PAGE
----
The millennial generation is clearly conversant with the technical aspects of our information age but young people are among the most vulnerable to media misapplications. There is a tendency towards manipulation of data and information flow in the attention economy. Students need to acquire the knowledge and skills to distinguish between fact and fiction in our highly digitalized and mediatized world. Media literacy is becoming an essential component of education. It is not only of vital importance to develop critical thinking to recognize disinformation but also to harness the full potential of the media in a creative way.
What exactly is media literacy and how should it be taught most effectively? How can media literacy be used to nurture digital citizenship? How can young media consumers become creative innovators? In this selection of articles, specialists in this field bring their own insights and perspectives to the role of media literacy in the digital age.
Media Literacy’s Pivotal Role in a Disinformation Society
Ms Eva Van Passel
Media Programme Manager, Evens Foundation
Why is Media Education Critical in Today’s Attention Economy?
Mr. Paolo Celot
Secretary General, European Association for Viewers Interests (EAVI)
What is Media Literacy and How Should We Teach it?
Ms Tessa Jolls
President and CEO, Center for Media Literacy
Preparing African Youth for a Post-Truth World
Mr. Chido Onumah
Coordinator, African Centre for Media & Information Literacy
Diverse Discourse, Limited Action: Media Literacy in East Asia
Dr. Tzu-bin Lin
Associate professor, National Taiwan Normal University
Media Literacy: A Key to Digital Citizenship
Professor, California State University Long Beach
Most youth feel comfortable using media for entertainment or communicating with friends, but they often do not have academic, technical or critical thinking skills or know how to express themselves effectively online in public discourse. On the other hand, when people use the Internet to exchange information, they are more likely to be civically engaged, which can apply to media, and longitudinal studies found that civically engaged youth are more successful later in life.
While media literacy is a lifelong skill, the logical time to start teaching such literacy is in K-12 educational settings so that all people have the opportunity to learn and practice media literacy, even as early as kindergarten. In advocating for media literacy education, the National Association for Media Literacy Education identified six core principles for such education: active inquiry and critical thinking about media, need to address all forms of media, reinforcement of lifelong skills, development of civic engagement, media as part of culture and a socialization agent, individual construction of meaning from media messages. Silverblatt, Ferry and Finan (1999) suggested five approaches to teach media literacy: ideological analysis based on cultural studies, autobiographical analysis, nonverbal analysis (paralanguage), mythic analysis (allegories and belief systems), and analysis of production elements such as visual principles and editing practices.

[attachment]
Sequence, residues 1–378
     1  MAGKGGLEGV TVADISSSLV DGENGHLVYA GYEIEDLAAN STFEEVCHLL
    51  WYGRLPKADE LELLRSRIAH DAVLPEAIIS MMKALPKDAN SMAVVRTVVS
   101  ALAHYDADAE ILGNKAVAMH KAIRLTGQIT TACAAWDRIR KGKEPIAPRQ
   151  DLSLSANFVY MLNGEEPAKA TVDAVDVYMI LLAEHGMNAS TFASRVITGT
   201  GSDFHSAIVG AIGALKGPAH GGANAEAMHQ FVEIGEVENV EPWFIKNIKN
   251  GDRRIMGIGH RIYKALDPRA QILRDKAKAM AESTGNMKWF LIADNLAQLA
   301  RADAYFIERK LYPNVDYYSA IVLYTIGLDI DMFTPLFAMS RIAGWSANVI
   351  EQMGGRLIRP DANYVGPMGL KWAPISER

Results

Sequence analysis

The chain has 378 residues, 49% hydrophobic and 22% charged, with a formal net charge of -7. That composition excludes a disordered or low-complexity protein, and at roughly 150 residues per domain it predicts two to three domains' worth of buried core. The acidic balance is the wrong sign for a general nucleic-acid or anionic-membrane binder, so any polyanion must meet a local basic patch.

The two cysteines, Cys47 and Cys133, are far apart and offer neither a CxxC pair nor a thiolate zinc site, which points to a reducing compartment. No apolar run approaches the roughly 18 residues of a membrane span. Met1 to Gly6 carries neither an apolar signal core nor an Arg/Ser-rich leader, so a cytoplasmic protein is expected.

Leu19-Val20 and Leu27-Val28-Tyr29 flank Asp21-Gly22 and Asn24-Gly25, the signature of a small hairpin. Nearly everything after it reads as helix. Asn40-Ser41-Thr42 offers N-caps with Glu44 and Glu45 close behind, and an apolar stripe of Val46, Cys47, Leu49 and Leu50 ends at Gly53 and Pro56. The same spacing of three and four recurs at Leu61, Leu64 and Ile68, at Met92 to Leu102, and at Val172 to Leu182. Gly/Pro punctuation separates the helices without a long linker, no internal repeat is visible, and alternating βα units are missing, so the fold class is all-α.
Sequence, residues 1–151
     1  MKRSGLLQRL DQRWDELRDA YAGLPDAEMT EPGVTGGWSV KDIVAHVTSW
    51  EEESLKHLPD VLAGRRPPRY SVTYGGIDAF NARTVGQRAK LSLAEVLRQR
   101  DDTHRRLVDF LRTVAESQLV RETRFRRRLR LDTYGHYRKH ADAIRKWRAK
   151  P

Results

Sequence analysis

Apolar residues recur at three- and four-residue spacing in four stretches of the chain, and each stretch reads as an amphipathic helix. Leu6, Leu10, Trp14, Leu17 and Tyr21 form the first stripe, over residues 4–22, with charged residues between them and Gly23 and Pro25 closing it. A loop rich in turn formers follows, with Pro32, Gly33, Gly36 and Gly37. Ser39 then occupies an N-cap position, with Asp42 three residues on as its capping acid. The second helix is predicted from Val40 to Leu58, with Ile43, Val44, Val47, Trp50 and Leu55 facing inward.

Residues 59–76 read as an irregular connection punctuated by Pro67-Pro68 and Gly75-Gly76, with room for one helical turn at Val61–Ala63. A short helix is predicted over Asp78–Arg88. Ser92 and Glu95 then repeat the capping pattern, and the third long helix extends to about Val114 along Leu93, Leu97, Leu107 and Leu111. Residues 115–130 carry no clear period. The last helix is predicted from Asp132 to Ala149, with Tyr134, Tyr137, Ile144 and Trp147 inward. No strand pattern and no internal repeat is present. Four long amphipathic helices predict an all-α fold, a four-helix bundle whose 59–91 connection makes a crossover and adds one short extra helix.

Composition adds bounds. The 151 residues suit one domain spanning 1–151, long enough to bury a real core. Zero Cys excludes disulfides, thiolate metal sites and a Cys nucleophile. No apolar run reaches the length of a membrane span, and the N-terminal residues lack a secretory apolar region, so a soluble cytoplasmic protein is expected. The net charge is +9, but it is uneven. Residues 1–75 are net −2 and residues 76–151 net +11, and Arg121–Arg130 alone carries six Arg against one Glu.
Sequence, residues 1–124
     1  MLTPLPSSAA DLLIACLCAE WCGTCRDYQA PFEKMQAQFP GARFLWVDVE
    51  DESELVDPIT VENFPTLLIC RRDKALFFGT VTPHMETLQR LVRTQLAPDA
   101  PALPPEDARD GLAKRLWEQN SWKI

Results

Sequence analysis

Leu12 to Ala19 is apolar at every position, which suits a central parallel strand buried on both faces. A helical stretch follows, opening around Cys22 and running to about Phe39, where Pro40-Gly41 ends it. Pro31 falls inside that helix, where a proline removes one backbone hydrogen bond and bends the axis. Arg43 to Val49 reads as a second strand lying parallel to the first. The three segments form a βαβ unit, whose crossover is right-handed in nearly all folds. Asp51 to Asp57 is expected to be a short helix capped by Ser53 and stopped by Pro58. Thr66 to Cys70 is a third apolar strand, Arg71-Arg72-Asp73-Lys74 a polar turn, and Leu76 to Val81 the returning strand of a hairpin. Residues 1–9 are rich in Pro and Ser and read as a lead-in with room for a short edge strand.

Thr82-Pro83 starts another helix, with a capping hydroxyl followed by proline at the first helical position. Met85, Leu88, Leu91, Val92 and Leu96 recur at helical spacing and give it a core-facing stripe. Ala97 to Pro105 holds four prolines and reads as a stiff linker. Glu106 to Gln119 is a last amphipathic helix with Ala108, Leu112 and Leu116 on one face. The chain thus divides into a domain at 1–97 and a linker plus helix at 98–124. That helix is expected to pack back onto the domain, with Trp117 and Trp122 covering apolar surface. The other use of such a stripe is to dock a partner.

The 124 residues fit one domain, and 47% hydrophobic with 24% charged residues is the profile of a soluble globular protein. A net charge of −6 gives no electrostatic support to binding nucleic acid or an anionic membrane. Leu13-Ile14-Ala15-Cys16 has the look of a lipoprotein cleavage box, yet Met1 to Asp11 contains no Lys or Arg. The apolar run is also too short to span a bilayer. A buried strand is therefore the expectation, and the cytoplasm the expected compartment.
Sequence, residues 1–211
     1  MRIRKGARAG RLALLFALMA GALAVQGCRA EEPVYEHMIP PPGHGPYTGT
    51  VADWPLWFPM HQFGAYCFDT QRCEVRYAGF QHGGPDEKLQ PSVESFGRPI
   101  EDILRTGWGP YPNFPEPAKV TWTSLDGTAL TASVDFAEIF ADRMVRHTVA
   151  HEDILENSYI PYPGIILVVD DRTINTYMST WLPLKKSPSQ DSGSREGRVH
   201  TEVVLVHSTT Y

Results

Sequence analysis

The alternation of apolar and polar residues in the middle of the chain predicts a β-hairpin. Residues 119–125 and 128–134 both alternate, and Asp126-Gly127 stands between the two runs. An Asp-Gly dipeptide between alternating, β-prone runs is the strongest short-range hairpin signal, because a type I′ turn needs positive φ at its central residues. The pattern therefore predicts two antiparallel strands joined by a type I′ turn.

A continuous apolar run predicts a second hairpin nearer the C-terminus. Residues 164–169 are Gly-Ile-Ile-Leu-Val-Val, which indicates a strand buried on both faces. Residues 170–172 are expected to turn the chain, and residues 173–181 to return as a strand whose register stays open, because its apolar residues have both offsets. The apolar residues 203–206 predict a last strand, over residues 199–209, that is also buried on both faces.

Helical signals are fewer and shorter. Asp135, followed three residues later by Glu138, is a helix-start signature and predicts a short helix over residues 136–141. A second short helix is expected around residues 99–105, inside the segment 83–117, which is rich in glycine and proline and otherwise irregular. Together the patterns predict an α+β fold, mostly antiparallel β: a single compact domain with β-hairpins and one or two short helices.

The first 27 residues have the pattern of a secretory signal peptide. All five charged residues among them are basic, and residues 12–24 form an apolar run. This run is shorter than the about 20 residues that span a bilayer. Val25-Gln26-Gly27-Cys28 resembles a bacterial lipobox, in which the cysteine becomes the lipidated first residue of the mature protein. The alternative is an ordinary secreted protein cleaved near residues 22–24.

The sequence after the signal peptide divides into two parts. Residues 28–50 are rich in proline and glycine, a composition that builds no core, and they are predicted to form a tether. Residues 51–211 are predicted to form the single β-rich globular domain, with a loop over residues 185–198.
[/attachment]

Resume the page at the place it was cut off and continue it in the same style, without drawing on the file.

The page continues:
While media has not been integrated well into traditional curricula, its impact on political and daily decision-making highlights its need to be part of formal education. Obstacles include lack of teacher expertise, competing educational demands, and lack of resources. Nevertheless, several curricular areas lend themselves to the examination and expression of media, one of them being science. Teachers can use science-related fake news in the media to foster not only stronger scientific thinking but also increased research skills, improved communications skills, and science-oriented civic engagement. In particular, teachers can help students apply these skills to serve as citizen scientists.
Media-enhanced digital citizenship is most effective when addressed explicitly with authentic and meaningful tasks, especially creative media-based expression in public discourse. The following steps can guide instruction.
Awareness. Educators need to make youth aware that the quality of information can impact their lives, and that abusing media can have dire long-term concrete consequences.
Connection. Learners connect with media kinesthetically, intellectually, emotionally. However, before they can comprehend the information, they need to decode its “language”, be it verbal, visual, or sound. Only then can they begin to understand the content in terms of associated concepts and societal consequences. When connecting to media from a digital citizen perspective, one of the most effective strategies is case studies: analyzing media messages for their production value, message and context, audience, and agenda.
Manipulating Information. Moving beyond the receiving, or consumer end, of media, youth should experience and hone their “producer” or contributing side of media in order to express and create digital citizen information” graphically, numerically, as a diagram, as a well-formed argument. They should learn how to manipulate knowledge representations; for example, learners might draw conclusions from data shown in a news cast by verifying and building upon the numbers to reveal patterns such as the relationship between gas emissions and health. As learners become proficient in different media manipulation strategies, they can begin to ascertain when a method would be appropriate given the nature of the information and the intended use of them. In public discourse, learners might create an infographic or a public service announcement.
Application. How does one act civically, particularly as a responsible digital citizen, within public discourse? Some student-empowering activities that enable learners to create and disseminate media as digital citizens include: